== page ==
- NENPA University
New England Journalism Educator of the Year
NENPA presented the New England Journalism Educator of the Year award to recognize a professor at a university or college in the six-state region who is doing outstanding work to prepare journalists to lead our newspaper organizations into the future. Each college in New England is entitled to submit one nomination for the Journalism Educator of the Year award.
Nominations for the New England Journalism Educator of the Year are submitted each year in the spring. The award is presented at the NENPA Fall Conference in October.
2013 New England Journalism Educator of the Year Award Winner
Northeastern University, Boston MA
"Since he joined Northeastern University School of Journalism in 1989, Professor Nicholas Daniloff has inspired countless numbers of students as a journalism professor and an expert in international relations. As the school’s director between 1992 and 1999, Daniloff helped lead the school at a time when newspapers transitioned from ink and print to digital journalism with the introduction of a new course called Computer Assisted Reporting..." Read full article...
2012 New England Journalism Educator of the Year Award Winner
Roger Williams University, Bristol RI
"The change has been progressive, but present. Where once people would thumb through the morning paper, many are now scrolling their smartphones for the latest news. It’s possible that the shift in how people consume news is indicative of the decline of journalism, but Assistant Professor of Journalism Michael Scully is optimistic.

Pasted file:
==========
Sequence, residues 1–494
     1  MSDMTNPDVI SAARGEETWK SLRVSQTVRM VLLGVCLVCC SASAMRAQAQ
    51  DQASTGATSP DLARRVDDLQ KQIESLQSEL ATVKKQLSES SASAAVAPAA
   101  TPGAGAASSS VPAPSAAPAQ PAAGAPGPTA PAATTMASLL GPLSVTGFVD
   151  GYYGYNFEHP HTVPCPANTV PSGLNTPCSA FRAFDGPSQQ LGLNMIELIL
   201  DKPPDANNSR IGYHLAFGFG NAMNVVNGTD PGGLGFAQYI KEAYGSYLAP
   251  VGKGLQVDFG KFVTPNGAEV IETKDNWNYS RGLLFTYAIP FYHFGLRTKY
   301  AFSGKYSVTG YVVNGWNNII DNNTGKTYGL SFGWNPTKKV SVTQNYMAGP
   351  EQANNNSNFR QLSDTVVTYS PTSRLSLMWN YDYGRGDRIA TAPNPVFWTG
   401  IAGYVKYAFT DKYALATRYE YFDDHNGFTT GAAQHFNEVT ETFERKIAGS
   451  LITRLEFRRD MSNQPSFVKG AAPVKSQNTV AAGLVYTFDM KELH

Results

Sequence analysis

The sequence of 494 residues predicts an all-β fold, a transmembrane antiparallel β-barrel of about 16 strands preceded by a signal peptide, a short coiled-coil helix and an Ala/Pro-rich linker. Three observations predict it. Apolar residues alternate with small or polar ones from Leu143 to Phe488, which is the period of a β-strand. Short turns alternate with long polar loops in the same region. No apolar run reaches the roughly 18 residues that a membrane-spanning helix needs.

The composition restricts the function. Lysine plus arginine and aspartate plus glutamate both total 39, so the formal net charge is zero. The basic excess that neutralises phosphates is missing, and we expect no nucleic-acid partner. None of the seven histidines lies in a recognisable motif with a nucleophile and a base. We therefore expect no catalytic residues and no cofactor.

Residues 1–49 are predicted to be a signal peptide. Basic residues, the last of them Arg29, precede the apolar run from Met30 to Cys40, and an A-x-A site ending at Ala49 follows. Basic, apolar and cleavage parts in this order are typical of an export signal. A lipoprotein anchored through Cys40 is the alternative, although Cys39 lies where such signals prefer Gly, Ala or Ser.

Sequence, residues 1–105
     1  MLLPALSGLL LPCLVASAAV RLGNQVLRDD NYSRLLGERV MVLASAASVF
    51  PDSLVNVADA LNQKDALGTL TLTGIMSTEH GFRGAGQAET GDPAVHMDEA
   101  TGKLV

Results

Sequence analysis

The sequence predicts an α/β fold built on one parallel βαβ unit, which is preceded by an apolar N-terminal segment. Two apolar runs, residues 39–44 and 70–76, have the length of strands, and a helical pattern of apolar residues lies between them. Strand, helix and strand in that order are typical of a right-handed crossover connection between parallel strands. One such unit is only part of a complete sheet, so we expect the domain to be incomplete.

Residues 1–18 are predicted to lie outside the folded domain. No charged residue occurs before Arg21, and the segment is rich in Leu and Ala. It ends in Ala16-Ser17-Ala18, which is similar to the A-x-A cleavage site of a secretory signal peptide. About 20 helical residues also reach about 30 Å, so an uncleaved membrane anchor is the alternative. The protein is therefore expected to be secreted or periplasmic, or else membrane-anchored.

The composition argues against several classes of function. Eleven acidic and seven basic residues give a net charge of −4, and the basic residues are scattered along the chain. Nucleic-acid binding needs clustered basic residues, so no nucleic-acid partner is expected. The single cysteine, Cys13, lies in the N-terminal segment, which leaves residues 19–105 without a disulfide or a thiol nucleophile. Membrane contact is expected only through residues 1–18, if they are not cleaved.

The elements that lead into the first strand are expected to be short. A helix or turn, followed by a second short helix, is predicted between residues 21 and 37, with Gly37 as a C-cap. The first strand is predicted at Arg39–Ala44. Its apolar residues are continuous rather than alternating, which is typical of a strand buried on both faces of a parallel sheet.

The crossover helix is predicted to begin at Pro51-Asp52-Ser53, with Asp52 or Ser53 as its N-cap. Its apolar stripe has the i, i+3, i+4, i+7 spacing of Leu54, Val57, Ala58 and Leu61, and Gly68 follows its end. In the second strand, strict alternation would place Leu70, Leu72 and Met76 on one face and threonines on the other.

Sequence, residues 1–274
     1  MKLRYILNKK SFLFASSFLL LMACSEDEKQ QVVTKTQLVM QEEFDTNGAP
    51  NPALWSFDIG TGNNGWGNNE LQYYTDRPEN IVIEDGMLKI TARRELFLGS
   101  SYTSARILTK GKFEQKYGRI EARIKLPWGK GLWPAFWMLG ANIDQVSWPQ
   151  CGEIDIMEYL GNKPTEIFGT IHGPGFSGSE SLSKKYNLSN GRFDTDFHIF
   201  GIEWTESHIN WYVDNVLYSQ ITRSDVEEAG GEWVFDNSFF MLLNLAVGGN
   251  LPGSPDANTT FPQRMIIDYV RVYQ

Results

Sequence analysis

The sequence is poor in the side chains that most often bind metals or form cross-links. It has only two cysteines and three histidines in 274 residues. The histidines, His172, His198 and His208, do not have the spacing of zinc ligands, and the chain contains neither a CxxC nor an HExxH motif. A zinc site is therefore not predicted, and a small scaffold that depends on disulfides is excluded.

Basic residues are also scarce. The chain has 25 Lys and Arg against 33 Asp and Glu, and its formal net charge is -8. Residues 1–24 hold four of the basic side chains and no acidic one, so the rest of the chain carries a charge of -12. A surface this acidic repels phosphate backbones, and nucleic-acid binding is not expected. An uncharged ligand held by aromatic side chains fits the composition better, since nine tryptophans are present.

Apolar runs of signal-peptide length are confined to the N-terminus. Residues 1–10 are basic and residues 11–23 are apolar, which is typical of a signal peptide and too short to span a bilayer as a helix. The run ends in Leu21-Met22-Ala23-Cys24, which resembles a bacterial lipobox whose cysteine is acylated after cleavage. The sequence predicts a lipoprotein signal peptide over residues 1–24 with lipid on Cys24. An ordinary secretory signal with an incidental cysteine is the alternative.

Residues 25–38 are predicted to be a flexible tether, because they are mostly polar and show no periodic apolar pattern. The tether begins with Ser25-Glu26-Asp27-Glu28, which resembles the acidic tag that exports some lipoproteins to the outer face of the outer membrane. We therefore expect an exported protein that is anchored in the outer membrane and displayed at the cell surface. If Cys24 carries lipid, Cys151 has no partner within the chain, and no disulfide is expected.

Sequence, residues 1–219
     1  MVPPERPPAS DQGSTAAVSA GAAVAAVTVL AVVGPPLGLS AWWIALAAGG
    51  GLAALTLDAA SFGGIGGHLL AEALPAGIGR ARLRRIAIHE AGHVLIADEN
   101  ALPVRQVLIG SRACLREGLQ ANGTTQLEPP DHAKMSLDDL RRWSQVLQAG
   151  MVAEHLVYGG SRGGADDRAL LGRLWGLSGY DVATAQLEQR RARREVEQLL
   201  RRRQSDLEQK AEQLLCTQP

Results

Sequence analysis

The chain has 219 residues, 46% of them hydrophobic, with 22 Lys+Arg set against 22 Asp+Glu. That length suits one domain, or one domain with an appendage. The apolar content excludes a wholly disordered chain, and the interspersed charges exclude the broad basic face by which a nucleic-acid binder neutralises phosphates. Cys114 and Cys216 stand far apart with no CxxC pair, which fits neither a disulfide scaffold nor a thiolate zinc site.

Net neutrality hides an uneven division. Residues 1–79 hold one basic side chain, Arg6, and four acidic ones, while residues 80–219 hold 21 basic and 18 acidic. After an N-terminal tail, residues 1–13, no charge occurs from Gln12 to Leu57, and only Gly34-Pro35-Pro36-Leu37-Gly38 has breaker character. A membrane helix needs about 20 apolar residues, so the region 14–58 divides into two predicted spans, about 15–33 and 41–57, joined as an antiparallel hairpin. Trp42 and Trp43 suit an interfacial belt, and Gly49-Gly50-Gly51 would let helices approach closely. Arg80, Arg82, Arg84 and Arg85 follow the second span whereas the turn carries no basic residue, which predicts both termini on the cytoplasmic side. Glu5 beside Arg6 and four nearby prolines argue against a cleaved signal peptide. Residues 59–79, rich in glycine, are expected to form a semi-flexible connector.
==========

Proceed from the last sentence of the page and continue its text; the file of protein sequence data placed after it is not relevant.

"'It’s not dying, we’re just finding new ways to tell stories,' Scully says.
"This positive perspective and dedication to preserving professional journalism earned him the title of 2012 New England Journalism Educator of the Year from New England Newspaper & Press Association..." Read full article...
2011 New England Journalism Educator of the Year Award Winner
Mindich joined the St. Michael's College Journalism Department in September 1996. He has won numerous honors for his teaching, including the 2002 Krieghbaum Under 40 Award from the Association of Educators in Journalism and Mass Communication for Outstanding Teaching, Scholarship and Service, as well as the CASE/Carnegie Foundation's Vermont Professor of the Year in 2006.
Dr. Mindich has written two books: Just the Facts: How Objectivity Came to Define American Journalism (1998, NYU Press) and Turned Out: Why Americans Under 40 Don't Follow the News (2004, Oxford), a book Walter Cronkite called "very important...a handbook for the desperately needed attempt to inspire in the young generation a curiosity that generates the news habit." Mindich is currently writing a comprehensive modern Mass Communications textbook for Oxford.
He has been a strong advocate at the college for the First Amendment, especially on behalf of its award-winning student newspaper. He also helped St. Michael's College become the fist small college in the nation selected to host a Kappa Tau Alpha Journalism Honor Society.
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